“Production has not been the only supply chain issue, shipping has also been affected,” says Greenidge. The majority of the world’s goods are shipped by sea, including automobiles, machinery, apparel, and other consumer staples.
However, transport companies that deliver goods from China to the rest of the world are limiting the number of seaborne vessels, according to a CNN Business report. Meanwhile, countries like Singapore and Australia refuse to allow ships that have visited Chinese ports in the preceding two weeks into their harbors. Additionally, other nations, like South Korea, have put rigid screening measures in place to minimize further spread of the virus.
While travel restrictions have almost eliminated passenger flights, air cargo demand, especially for PPE and other medical items, has increased beyond capacity, according to Alexandre de Juniac, the Director-General, and CEO of The International Air Transport Association (IATA).
While most passenger fleets sit idle, airlines are trying to meet the booming demand for pharmaceuticals by adapting passenger aircraft to all-cargo activity. Fortunately, the spike in airfreight demand has helped rescue several airlines, like the Dubai-based Emirates, from a crippling financial disaster. Overall, mass airline stoppages mean there is not enough aircraft to ship essential items to consumers, businesses, and governments alike.
Impact of stockpiling
In response to the coronavirus pandemic, worried customers began stockpiling items like hand sanitizer and toilet paper resulting in long stretches of empty grocery shelves. Panic buying is a normal response to crises, as people attempt to take control of some areas of an otherwise uncertain situation. The issue is further exacerbated by the scarcity heuristic, which suggests that empty shelves spark an urge to grab whatever is left.
Unfortunately, stockpiling has real-world consequences for individuals and supply chains. Firstly, panic buying takes essential items out of the hands of the people who need them most, such as facemasks for health care workers.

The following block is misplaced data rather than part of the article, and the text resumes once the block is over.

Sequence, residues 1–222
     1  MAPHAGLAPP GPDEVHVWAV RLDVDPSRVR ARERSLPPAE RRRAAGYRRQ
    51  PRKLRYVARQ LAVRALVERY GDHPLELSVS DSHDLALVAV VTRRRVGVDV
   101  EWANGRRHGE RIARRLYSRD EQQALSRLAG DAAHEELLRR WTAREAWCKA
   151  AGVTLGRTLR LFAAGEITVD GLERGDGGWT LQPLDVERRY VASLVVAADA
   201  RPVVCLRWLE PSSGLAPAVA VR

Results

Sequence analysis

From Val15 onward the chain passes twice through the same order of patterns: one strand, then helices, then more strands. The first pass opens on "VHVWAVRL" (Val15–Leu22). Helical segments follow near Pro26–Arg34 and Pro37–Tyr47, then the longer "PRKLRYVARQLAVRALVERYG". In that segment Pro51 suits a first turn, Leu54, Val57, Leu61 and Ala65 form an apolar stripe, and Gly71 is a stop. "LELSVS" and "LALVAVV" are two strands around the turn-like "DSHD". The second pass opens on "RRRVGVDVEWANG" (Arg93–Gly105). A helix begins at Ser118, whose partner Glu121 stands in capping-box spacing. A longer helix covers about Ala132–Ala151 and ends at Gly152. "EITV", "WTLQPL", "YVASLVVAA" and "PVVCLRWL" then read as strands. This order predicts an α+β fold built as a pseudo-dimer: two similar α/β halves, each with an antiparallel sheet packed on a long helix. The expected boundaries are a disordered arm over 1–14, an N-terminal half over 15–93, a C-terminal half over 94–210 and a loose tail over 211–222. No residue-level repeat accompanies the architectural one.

Moreover, just because people are buying more does not necessarily mean they are using more. Subsequently, when things get back to ‘normal,’ consumers will already have a sufficient supply of non-perishable items and will not need to purchase more. Thus, companies face a difficult decision of whether or not to ramp up manufacturing to meet spikes in demand, with the possibility of experiencing future losses.
Additionally, while leading brands like Walmart have the technology, flexibility, and scale required to react to this sudden jolt, small businesses are unable to respond as quickly. In general, as the virus continues to spread, Greenidge predicts that we will keep seeing an increased desire for some products and a loss in interest for others.
Preparing For The Future
“Companies need to start investing in building more resilient supply chains,” says Greenidge. We are living in a global economy with people traveling across the world, so, inevitably, we will someday face another rare health crisis. As such, Greenidge suggests re-evaluating your current network of suppliers. At the moment, many companies are relying solely on manufacturers from one particular country, namely China.
While Greenidge does not think it wise to eliminate all Chinese suppliers, it is worthwhile to diversify your supply network to include plants in various countries. Therefore, if one manufacturing facility is disrupted due to a regional problem, your business can rely on other plants to remain operational. Overall, Greenidge asserts that business resilience, including a diverse supply chain, can help safeguard your people and assets from sudden threats or disasters.